The Minister for National Development in responding to a parliamentary question by a Workers’ Party (WP) member, has revealed that the HDB paid $2,000psm for land for public housing in mature estates.
The Minister was responding to WP Member of Parliament (MP) Muhamad Faisal Abdul Manap who asked the Minister:
“from 2015 to 2018, what is the average sale price for land sold to private housing developers and HDB for development of public housing in mature housing estates, respectively.”
The Minister in responding to the WP MP on Feb 13, said:
“The Government sells residential land to private residential developers through the Government Land Sales Programme. For public housing developments, state land is sold to HDB at the market value assessed by the Chief Valuer. The valuation is done in accordance with market conditions and established valuation principles.
Land for public housing has a lower valuation compared to land zoned for private housing. Excluding the Core Central Region (CCR), the average price of land paid for private housing developments bought through the Government Land Sales Programme between 2015 and 2018 was about $7,000psm. In the same period, HDB paid an average of about $2,000psm for land for public housing in mature estates.”
The parliamentary answer is a rare one where the Government revealed what HDB paid in average sale price for land sold for development of public housing.
Then-Minister for National Development, Mr S Dhanabalan said the HDB paid $940psm in average sale price for land sold for development of public housing in Toa Payoh – a mature estate. At that time, the Minister was under intense pressure from opposition politician Mr Chiam See Tong who had charged that the HDB used market value to make profits after compulsorily acquiring land “very cheaply”.
In 30 years, what HDB paid in average sale price for land sold for development of public housing in mature estate has gone up significantly – from $940psm to $2,000psm.
After Singapore separated from Malaysia in 1965, the Government bought up all vacant land at rock bottom prices. Before 1985, HDB paid for and acquired its own land to develop.
But in 1985, HDB made a major change to its accounting system which resulted in the board returning all undeveloped land it was holding to the Singapore Land Authority (SLA), which manages all state land. HDB then started its practice of buying state land at market rates, which continues today. The rationale given was that it made transparent the value of government subsidies for public housing.
What became contentious after HDB adopted this new accounting system were the questions of how SLA determined how much HDB should pay to build new flats, and why not use a cost-plus model.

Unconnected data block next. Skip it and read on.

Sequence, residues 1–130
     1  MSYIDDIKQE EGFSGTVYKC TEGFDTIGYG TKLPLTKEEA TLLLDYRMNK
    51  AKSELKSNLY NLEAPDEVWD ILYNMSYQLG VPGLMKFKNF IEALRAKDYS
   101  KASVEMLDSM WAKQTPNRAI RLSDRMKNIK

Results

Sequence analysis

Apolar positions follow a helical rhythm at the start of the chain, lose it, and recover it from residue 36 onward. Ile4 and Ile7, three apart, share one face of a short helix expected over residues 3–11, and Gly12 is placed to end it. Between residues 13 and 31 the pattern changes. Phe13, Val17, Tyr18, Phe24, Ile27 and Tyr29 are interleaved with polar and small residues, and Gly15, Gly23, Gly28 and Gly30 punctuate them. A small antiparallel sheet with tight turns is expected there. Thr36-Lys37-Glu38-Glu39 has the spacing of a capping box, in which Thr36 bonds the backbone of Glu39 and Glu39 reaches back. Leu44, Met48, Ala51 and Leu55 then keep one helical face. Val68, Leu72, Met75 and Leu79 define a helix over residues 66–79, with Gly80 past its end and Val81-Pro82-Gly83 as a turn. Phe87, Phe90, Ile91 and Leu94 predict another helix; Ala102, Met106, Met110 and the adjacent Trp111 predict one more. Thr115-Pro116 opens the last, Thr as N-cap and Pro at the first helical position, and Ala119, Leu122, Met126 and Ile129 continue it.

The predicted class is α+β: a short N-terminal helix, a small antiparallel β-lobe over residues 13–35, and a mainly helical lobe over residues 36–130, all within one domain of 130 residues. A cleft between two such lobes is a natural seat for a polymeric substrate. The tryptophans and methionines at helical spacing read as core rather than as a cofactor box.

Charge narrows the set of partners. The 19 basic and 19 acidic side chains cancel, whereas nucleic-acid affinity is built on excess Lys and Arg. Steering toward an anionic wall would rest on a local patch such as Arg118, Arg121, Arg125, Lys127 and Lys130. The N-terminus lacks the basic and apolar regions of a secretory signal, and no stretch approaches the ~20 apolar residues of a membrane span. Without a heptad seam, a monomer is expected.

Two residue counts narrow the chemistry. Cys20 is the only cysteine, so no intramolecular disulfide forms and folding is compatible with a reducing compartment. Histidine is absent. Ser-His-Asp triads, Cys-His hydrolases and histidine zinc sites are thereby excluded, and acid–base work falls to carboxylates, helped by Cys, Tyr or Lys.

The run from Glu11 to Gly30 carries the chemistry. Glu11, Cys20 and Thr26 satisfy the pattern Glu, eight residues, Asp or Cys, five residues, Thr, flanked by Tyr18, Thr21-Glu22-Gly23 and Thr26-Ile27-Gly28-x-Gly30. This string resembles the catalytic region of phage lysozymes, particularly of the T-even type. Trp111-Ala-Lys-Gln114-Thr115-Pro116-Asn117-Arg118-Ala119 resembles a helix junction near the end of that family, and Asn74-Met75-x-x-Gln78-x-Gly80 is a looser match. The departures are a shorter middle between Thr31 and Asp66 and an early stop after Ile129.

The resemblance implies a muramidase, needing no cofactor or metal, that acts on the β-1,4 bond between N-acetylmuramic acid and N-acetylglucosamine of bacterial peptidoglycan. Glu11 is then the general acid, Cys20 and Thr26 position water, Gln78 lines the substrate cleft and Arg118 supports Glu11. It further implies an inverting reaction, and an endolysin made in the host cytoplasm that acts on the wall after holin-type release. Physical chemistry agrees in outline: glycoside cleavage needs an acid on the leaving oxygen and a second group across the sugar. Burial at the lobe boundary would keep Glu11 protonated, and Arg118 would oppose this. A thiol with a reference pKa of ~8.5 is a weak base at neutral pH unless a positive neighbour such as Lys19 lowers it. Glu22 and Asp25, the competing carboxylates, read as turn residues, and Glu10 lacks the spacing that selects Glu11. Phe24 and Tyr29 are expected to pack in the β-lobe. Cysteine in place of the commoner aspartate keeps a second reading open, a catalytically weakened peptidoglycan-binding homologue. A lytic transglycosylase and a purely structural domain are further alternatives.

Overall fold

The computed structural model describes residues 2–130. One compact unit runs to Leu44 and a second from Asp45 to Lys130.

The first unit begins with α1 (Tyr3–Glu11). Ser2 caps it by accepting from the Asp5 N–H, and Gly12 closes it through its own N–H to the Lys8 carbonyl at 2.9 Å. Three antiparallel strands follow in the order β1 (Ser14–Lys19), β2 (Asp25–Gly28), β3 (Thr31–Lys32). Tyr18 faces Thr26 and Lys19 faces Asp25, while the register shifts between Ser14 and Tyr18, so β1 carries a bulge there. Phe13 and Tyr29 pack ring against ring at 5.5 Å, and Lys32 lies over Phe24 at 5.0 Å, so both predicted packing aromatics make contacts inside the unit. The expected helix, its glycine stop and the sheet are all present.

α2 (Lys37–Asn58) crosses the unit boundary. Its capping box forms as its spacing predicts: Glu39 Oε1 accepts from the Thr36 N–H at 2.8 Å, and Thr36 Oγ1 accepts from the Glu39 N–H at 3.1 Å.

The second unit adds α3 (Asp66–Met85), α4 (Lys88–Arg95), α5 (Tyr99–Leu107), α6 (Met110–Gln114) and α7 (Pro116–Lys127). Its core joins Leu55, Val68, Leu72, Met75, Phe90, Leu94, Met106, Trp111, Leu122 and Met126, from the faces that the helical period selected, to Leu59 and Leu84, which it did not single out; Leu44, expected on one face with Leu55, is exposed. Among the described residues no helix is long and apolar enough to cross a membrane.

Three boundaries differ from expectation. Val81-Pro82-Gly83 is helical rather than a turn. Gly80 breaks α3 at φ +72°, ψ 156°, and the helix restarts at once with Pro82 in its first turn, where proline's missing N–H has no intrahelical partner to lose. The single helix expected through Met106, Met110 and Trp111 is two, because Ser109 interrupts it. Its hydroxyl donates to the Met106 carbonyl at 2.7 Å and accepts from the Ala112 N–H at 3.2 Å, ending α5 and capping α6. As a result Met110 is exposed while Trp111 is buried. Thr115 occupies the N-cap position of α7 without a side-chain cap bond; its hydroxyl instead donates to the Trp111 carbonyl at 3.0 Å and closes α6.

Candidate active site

Those that opposed the new accounting system for undeveloped land for public housing contended that if land cost is reduced, new HDB flats can indeed be cheaper. This would benefit young couples and new flat-owners, but could disadvantage existing HDB owners, as it would have an impact on prices of completed flats.
A study by property consultancy DTZ in 2013 revealed that land price now makes up about three-fifths of development cost on average, up from two-fifths in 2008. The study added that increasing land price outpaced the rise in both home prices and household incomes. In noting that land prices have also risen faster than salaries, DTZ cautioned that if land costs keep soaring, the trend could push up selling prices of homes.
In November last year, the Minister for National Development, Lawrence Wong, failed to give a straight answer to Mr Faisal’s parliamentary question of how land cost amount (which is included in the sale price of a new HDB flat) is tabulated.
In his reply, Mr Wong said:
“The key consideration in the pricing of HDB flats is to keep public housing affordable. That is why new HDB flats are priced substantially below the prices of comparable resale flats. In particular, the average monthly instalment to income ratio for first-timer families buying new flats in non-mature estates is less than a quarter of applicants’ monthly income. This means that homebuyers will require little or no cash outlay.
The selling prices set by HDB for new flats cannot cover their development costs, which include construction and land costs. That is why HDB incurs significant deficits every year in its home ownership programme.
On top of the subsidised selling price, HDB also provides housing grants of up to $80,000 to give more help to lower and middle income families buying their first home.”
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